Around 1888 Narcisse’ father (Narcisse Sr.) died at Lower Fort Garry. The elder Narcisse had been operating a trading post himself at Dog Head (Lake Winnipeg Narrows).

 

Mouth of the Red River

Mouth of the Red River

 

By about 1890 Narcisse had established a Trading Post along the Salamoniac Channel, near where the Red River empties into Lake Winnipeg (southeast of Chalet Beach as shown on the above map). The main HBC supply depot and fur buying centre was located at Lower Fort Garry, so Narcisse and his family would have made frequent trips there to sell furs and acquire trade-goods. His widowed step-mother (Fanny) was living near the Lower Fort with her elderly parents (Jessie & John HOURIE).

 

On Apr 10, 1890 daughter Caroline married Albert ROSE.

 

In the Census of 1891 Narcisse and his family were enumerated at their trading post. The children were then Sarah (age 18), Caroline (16), Flora (14), Louis (10), John (8) and Margaret (age 6). Lodger:  Margaret MONKMAN (a niece), age 3 (daughter of Andrew MONKMAN, widower of Narcisse’ sister Nancy)

 

To complete Narcisse’ family, two more children were born; Roderick in 1891 and Narcisse Jr. in 1894.

 

On Feb 15, 1893 daughter Sarah married Albert CALDER in Selkirk, son of Charlotte LYONS & George CALDER (1823-1906). ** MORE ABOUT GEORGE CALDER

 

Before the railroad, many families had already settled around the mouth of the river. In addition to halfbreed and Indian families, there were many Icelandic and Ukrainian setters in the area, particularly from Matlock north.There were no motor cars, tractors or airplanes and very few horses. Most of the people used oxen and dog teams (oxen were the order of the day), with which they hauled their cordwood and fish, and did their farm work.

 

These early settlers built a church and school called the Netley Mission Near the spot indicated on the above map as Robinson Spur (so-named later, after the railroad reached the area). It is very difficult to determine exactly when the first Netley Mission was built, but we do know that Reverend Benjamin McKENZIE (1837-1928) served as the first rector, frequently travelling there from his home in Mapleton. The congregation was composed of about 26 families.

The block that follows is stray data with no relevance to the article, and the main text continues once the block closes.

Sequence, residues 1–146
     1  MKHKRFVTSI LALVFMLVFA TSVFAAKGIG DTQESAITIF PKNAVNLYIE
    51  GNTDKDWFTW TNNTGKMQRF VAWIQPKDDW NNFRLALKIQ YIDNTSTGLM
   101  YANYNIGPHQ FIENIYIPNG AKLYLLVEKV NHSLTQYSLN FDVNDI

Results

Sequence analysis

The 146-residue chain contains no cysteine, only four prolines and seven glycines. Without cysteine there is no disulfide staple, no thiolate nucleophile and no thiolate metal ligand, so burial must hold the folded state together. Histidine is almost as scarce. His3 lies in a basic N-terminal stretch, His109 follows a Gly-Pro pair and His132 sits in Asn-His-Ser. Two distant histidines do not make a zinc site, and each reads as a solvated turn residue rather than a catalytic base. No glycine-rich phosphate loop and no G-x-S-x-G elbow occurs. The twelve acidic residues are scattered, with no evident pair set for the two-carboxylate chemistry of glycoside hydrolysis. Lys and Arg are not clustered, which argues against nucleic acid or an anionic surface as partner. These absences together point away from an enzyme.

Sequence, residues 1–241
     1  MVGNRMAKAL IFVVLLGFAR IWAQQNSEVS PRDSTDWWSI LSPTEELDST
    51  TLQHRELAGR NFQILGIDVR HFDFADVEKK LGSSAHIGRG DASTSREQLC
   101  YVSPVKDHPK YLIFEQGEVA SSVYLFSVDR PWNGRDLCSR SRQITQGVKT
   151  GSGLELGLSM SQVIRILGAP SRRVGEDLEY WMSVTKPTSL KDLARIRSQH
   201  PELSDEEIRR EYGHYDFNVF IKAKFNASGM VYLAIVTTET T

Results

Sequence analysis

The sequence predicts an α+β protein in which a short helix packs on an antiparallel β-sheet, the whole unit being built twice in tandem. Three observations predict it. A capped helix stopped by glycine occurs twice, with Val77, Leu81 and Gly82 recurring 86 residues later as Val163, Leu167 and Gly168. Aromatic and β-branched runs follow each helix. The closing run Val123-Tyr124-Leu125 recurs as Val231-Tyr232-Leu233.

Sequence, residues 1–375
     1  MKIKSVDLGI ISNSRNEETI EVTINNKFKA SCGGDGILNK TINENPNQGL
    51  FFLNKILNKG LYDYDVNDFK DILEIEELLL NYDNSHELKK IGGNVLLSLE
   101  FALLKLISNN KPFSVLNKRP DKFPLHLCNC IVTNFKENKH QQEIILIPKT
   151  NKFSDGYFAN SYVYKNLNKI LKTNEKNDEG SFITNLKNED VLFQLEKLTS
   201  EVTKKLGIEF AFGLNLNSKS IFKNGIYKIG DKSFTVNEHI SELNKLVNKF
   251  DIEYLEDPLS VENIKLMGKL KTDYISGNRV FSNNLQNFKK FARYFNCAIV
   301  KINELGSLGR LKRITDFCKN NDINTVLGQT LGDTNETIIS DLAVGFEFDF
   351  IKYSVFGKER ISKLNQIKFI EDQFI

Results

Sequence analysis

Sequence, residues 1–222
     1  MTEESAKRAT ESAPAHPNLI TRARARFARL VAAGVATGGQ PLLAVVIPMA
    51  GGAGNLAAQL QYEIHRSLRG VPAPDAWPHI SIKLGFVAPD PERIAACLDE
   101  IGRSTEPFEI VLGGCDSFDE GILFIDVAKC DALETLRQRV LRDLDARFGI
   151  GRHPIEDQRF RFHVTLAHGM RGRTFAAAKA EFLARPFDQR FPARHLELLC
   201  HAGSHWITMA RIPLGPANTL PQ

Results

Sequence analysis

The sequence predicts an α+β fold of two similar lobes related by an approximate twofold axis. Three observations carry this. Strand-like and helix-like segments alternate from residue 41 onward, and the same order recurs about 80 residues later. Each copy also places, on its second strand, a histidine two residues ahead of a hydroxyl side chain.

Mustard Seed Church

The Little Mustard Seed Chapel can still be seen today.
 (Built at Chalet Beach and later moved to Robinson Spur)

 

In 1901 the historic little Mustard Seed Chapel was built at Chalet Beach andReverend Benjamin McKENZIE was its first rector. Tiny as it was, the little chapel began to serve as a school as well, and some of Narcisse’ children were probably among his first students. ** MORE ABOUT BENJAMIN McKENZIE

 

Advent of the Railroad
Robinson Spur
1902

 

In 1902 a CPR railway line from Winnipeg to Winnipeg Beach was completed. A train station and a dance pavilion were built at the 'Beach'. By 1903, the CPR ran a short line into a cord wood camp owned by Captain William ROBINSON (1850-1936), which became known as “Robinson’s Spur”. A lot of men of the district found work at his camp, cutting cord wood to earn much-needed cash. This camp was only about a mile from where the CHASTELLAINE family lived.

 

On Feb 12, 1903 son Louis married Rachel HUNT in St Andrews.
On Apr 14, 1904, daughter Flora Bella married Robert William SINCLAIR. They settled in St Peters.

 

Census 1906:  N CHASTELLAINE, 60, with his wife Sarah, 54, are living on Sec 30-16-5-E1 (Salamoniac Channel).  With them are:  John D 23; Margaret 21; Maggie b-c1888 (adopted) 18; Roderick 15; and N. (Narcisse Jr) 12.

 

On Apr 11, 1907 son John DAVID married Lydia COCHRANE at the Old St Peters Church. Lydia was the eldest child of Mary Jane MURDOCH & Alexander COCHRANE (1865-1949), a member of the St Peters Indian Band.


Feb 13, 1908 daughter Margaret married Jeremiah THOMAS in St Clements.

 

On May 14, 1914 son Roderick married to Flora IRVINE, daughter of Matilda ORVIS & William IRVINE (1866-1908).

 

In the 1916 census Sarah & Narcisse was sitll recorded along the Salamoniac Channel. The only child still at home was Narcisse Jr. (age 21).

 

Narcisse CHASTELLAINE died in 1919.

 

Please post comments & queries at this link: FORUM DISCUSSING SARAH & NARCISSE CHASTELLAINE FAMILY

 

======================== Family Details ========================

 

Children:

1. 1867 MARY ELIZABETH CHASTELLAINE (m. Oliver Adolphus HOURIE)

2. 1869 MARGARET CHASTELLAINE (?Died in infancy)

3. 1872 SARAH CHASTELLAINE (m. Albert CALDER)

4. 1875 CAROLINE CHASTELLAINE (m. Albert ROSE)

5. 1877 FLORA BELLA CHASTELLAINE (m. Robert William SINCLAIR)

6. Oct 6, 1880 LOUIS CHASTELLAINE (m1. Rachel Harriet HUNT; m2. Mary STEVENSON)

7. Feb 21, 1883 JOHN "SONNY" DAVID CHASTELLAINE (m. LYDIA COCHRANE)

** MORE ABOUT JOHN DAVID CHASTELLAINE

8. Dec 9, 1887 MARGARET CHASTELLAINE (m. Jeremiah THOMAS)

9. Apr 19, 1891 RODERICK CHASTELLAINE (m. Flora IRVINE)

10. Jul 28, 1894 NARCISSE CHASTELLAINE JR